Defamation plaintiff accepts court’s reduced award of $1 million
- A Virginia judge gave a libel plaintiff the choice between a new trial or reduced damages in a case against a local TV station.
Nov. 25, 2003 — The plaintiff in a libel suit against WVIR-TV in Charlottesville, Va., accepted a reduced jury award of $1 million last week, after a circuit court judge told him to take the money or face a new trial on the issue of damages.
Judge Edward L. Hogshire, of the Circuit Court in Charlottesville, reduced a jury verdict against the station from $10 million to $1 million on Nov. 7, concluding that “the size of the verdict is so disproportionate to the plaintiff’s defamation-related injuries as to ‘shock the conscience of the Court.’ ” Jesse Sheckler accepted the $1 million award Nov. 21.
Hogshire said there was sufficient evidence for a jury to find WVIR liable for defamation, but that the verdict was excessive. In addressing the First Amendment implications of the jury verdict, Hogshire held that it was essentially punitive, in violation of the First Amendment, according to the U.S. Supreme Court’s holding in Gertz v. Welch.
In Gertz, decided in 1972, the Court ruled that states may not award punitive damages in libel cases unless the plaintiff proves that the defendant acted with knowing or reckless disregard for the truth.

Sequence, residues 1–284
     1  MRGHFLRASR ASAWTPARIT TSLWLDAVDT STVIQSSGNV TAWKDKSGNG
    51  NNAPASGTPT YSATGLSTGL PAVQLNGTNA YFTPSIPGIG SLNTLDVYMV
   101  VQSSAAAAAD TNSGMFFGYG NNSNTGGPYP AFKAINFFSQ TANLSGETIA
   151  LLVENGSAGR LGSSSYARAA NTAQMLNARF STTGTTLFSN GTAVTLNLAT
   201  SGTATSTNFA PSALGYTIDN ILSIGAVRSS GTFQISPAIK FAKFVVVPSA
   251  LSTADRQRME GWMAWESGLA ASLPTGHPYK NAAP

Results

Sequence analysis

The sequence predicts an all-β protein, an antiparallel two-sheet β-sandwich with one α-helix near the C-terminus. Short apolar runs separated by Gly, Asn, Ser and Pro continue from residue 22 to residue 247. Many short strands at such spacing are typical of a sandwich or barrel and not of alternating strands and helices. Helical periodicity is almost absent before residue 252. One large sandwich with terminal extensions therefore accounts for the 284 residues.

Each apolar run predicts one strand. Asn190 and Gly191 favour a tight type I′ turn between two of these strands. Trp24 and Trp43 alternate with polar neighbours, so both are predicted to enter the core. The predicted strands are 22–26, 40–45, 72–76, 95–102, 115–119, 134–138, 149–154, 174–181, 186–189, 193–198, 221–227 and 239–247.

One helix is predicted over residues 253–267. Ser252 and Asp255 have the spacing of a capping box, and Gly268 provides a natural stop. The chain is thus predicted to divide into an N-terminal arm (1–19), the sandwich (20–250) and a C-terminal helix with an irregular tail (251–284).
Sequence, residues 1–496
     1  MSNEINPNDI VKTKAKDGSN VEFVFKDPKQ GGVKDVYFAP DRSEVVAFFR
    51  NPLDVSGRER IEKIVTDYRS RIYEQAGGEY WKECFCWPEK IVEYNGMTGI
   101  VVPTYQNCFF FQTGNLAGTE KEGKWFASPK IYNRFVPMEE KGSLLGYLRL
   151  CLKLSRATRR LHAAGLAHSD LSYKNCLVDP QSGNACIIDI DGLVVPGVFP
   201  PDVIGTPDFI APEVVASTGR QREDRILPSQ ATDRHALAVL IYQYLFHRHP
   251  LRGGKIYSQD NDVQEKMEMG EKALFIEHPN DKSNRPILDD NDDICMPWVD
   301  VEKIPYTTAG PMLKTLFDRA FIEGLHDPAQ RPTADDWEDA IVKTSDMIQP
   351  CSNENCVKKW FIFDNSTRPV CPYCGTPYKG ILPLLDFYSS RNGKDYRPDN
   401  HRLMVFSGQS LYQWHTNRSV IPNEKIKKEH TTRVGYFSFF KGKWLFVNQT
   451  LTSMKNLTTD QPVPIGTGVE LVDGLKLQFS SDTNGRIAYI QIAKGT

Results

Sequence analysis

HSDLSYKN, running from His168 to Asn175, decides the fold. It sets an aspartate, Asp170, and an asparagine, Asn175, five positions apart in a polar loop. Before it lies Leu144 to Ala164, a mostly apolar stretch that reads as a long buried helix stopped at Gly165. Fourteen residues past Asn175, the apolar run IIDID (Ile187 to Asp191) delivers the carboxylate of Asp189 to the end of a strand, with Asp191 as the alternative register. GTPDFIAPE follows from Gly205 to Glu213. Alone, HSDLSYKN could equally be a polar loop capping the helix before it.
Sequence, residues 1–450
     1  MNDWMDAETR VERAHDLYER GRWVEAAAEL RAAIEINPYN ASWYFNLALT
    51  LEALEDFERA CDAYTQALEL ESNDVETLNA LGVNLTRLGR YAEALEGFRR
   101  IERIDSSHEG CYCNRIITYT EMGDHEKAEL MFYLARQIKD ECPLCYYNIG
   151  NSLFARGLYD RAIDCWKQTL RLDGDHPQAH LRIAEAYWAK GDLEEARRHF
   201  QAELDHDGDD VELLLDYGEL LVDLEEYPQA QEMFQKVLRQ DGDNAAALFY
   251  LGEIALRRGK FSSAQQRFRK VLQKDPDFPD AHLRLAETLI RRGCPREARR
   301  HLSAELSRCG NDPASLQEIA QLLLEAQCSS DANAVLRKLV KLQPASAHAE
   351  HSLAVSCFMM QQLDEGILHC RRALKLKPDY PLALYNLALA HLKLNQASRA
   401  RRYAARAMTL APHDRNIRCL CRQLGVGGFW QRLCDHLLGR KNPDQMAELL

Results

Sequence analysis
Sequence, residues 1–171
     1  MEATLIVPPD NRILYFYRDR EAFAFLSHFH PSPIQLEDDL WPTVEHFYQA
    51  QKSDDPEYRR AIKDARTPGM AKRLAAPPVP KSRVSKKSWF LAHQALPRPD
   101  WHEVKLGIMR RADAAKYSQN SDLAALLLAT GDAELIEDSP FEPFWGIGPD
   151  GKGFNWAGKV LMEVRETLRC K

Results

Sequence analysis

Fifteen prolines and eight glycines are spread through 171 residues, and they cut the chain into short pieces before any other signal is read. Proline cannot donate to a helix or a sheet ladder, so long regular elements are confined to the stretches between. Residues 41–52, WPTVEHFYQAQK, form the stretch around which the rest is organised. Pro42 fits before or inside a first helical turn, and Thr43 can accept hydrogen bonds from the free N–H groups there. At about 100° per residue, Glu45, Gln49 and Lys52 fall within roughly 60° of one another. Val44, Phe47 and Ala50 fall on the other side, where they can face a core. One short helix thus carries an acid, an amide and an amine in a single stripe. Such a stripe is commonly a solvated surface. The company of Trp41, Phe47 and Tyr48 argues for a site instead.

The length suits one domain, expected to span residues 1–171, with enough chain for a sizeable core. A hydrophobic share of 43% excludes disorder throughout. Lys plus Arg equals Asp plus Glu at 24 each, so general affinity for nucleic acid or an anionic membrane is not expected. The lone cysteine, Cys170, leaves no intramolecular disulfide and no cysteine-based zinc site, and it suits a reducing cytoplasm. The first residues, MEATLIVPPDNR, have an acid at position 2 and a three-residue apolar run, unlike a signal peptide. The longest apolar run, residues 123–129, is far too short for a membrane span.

Hogshire found that the evidence presented at trial could sustain a verdict of $1 million to compensate Sheckler for the damages he actually suffered, noting that the reduced sum corresponds with awards in similar cases in Virginia.
Sheckler brought suit against NBC affiliate WVIR-TV, which is owned by Virginia Broadcasting Corporation, after the station reported in April and October 2001 that cocaine was seized from his home and auto-repair shop. The story was incorrect, and the station did not issue a retraction.
WVIR reporter Melinda Semadeni testified at the trial that Assistant U.S. Attorney Bruce Pagel told her the misinformation about Sheckler.
The jury awarded the $10 million verdict in May 2003, at the height of the scandal involving false reporting by New York Times reporter Jayson Blair. Sheckler’s attorney made numerous references to Blair throughout the trial, according to a June 16 Washington Post article, in an apparent attempt to show the jury that journalists are irresponsible.
The station may appeal the reduced verdict or appeal to the Virginia Supreme Court to order a new trial on both liability and damages.
(Scheckler v. Virginia Broadcasting Corp.; Media Counsel: Thomas E. Albro, Charlottesville) — KM
© 2003 The Reporters Committee for Freedom of the Press